General Mills’ Sebastian Flores: “Once Hispanic consumers know the Box Tops Education Program exists, their willingness to participate is outstanding.”

Sebastian Flores is Marketing Communications Planning Associate at General Mills. As such he takes decisions for Multicultural Marketing and in particular for General Mills Box Tops For Education program, one of the nation’s largest school earnings loyalty programs that has been helping schools succeed since 1996. Portada interviewed Flores on the way the program is executed, particularly when it targets the Hispanic demographic.

Portada: We understand that you work with other companies also on the Box Tops Education program, like Boise and Haynes, is that right? If so, can you please tell us why?
BANNERS SECCIONES FINALSebastian Flores, Marketing Communications Planning Associate at General Mills:  “Yes. We partner with select brands that we believe align well with Box Tops for Education’svalues and purpose. These partnerships allow us to expand our reach, outside of General Mills’ core consumers, extending onto non-food products that. By reaching new consumers, Box Tops for Education is able to magnify its impact by making it easier for schools to earn money.

Overall participation of US Hispanics in the Box Tops for Education Program is considerably less than the general public/population

What is the engagement of Hispanics particularly in clipping Box Tops Education Coupons? how does it relate to the rest of the population?

S.F.: “Although overall participation of US Hispanics in the Box Tops for Education Program is considerably less than the general public/population, it is increasing rapidly. Our main challenge, and one we are tackling head on, is overall awareness of the program. We have found that once Hispanic consumers know we exist, their readiness and willingness to participate is outstanding.”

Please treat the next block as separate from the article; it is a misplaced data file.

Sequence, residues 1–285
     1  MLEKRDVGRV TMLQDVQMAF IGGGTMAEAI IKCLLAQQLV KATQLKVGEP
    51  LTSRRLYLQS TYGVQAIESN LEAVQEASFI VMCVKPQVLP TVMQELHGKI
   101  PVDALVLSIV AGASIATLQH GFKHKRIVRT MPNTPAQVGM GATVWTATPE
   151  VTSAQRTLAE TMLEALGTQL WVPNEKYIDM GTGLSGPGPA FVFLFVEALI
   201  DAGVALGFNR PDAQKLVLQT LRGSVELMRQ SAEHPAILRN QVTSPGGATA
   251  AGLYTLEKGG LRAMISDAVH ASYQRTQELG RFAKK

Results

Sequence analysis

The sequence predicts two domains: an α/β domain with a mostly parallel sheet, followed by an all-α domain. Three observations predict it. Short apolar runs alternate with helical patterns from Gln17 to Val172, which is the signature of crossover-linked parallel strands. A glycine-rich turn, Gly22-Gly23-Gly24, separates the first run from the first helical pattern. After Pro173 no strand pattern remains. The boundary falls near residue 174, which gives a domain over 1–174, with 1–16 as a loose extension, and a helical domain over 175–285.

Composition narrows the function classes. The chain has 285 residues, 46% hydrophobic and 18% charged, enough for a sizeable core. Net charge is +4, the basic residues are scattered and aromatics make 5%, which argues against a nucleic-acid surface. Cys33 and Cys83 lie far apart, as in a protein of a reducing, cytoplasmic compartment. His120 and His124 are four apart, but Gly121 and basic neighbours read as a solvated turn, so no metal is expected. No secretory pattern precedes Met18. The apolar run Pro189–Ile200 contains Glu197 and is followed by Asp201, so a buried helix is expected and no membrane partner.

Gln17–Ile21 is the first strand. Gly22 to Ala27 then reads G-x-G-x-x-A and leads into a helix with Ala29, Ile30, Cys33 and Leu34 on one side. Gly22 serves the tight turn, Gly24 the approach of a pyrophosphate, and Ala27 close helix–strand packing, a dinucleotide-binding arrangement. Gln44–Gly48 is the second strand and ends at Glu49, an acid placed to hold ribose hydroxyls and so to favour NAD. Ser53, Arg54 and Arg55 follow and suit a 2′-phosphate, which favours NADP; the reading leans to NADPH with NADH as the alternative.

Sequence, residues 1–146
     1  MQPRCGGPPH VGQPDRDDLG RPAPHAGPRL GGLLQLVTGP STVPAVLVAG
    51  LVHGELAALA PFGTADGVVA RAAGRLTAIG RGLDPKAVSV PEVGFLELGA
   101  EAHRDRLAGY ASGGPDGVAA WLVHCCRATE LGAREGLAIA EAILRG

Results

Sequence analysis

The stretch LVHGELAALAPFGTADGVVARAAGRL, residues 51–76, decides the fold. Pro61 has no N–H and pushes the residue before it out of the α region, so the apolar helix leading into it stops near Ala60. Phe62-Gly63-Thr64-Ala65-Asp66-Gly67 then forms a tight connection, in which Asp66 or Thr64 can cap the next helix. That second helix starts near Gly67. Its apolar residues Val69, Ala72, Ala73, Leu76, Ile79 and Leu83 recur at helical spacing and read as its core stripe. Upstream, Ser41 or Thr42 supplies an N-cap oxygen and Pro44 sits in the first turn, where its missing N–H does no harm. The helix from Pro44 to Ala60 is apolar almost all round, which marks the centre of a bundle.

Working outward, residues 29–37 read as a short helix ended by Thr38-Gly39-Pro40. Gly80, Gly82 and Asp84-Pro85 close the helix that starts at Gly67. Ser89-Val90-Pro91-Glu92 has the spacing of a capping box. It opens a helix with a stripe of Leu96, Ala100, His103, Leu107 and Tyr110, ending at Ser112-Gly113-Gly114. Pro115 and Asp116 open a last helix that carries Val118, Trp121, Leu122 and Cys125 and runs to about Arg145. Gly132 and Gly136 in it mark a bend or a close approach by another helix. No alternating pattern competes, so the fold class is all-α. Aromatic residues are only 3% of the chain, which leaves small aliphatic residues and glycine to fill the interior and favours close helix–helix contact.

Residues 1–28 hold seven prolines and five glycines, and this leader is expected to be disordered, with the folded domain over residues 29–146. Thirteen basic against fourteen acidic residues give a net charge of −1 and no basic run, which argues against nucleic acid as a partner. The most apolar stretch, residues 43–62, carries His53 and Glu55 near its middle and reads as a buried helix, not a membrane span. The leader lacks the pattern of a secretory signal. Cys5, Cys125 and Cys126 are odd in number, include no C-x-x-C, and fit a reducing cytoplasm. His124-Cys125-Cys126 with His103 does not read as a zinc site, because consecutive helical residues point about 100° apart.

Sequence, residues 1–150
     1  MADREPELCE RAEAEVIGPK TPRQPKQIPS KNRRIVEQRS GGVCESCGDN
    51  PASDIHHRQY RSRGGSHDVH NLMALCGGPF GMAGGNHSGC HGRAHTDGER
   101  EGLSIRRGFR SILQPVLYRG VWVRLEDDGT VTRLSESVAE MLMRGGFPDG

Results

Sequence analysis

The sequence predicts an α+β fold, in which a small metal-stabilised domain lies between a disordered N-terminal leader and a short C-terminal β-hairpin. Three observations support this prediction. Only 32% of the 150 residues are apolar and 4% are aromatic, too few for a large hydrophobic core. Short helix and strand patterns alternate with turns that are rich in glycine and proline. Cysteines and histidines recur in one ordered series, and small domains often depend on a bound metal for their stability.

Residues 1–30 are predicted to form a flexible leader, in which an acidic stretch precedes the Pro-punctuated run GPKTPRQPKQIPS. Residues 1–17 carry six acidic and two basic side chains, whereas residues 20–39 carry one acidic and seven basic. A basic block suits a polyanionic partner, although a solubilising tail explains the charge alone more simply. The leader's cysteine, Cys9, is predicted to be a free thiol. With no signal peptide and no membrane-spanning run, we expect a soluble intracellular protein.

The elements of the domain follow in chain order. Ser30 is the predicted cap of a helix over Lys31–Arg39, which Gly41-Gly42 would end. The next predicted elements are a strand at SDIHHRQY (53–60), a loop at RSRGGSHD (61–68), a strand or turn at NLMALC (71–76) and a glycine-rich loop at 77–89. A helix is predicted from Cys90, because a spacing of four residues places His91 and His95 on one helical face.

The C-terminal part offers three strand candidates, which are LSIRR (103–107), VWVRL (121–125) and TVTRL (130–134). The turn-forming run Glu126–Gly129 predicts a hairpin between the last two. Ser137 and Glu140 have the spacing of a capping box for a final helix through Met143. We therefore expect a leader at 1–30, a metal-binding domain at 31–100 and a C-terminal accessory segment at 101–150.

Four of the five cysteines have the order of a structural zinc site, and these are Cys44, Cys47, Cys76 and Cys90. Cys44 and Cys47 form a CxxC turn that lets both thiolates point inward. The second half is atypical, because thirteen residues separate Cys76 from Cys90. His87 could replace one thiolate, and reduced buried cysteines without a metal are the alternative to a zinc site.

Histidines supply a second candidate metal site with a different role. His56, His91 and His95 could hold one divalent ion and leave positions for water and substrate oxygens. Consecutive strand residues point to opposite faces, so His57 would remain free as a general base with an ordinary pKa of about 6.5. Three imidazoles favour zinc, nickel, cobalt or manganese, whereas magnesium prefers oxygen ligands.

How do you market Box Tops Education program specifically towards the Hispanic population?
S.F.: “We use a variety of mediums to market Box Tops for Education. In the past, we invested most of our marketing energy and dollars on public relations, grassroots marketing, going door-to-door to recruit new program participants. This was extremely effective in program adoption and user acquisition (signing up new schools), but now, our marketing objectives have shifted towards driving awareness, which resulted in exploring high-impression driving mediums like television, social media platforms, and online radio. Partnering with a community influencer and well-known and relevant talent in the community simplifies and amplifies the delivery of the message. These campaigns are currently in market and results are still being measured, but so far numbers are reaching or exceeding expectations. The highest performing avenues are, not surprisingly, mobile and social, specifically Facebook.”

As we move into the 2015 marketing/advertising budget planning season, What are the main challenges you see, particularly as it pertains to market against the multicultural demographic?
S.F.: The main challenge when planning for 2015 as it pertains to multicultural consumer campaigns will be continuing to engage the target audience. There are many factors and cultural nuances that go behind every multicultural campaign. Looking specifically at a Hispanic-focused campaign, there are factors like level of acculturation, generational differences, country of origin, and language preferences that all play their role when it comes to targeting effectively. Many times the Hispanic consumer group is looked at as a one-size fits all, where one campaign will resonate with all Hispanics, but this is far from being true. The multicultural consumer is extremely unique and requires special attention when crafting language, messaging, and communication channels.”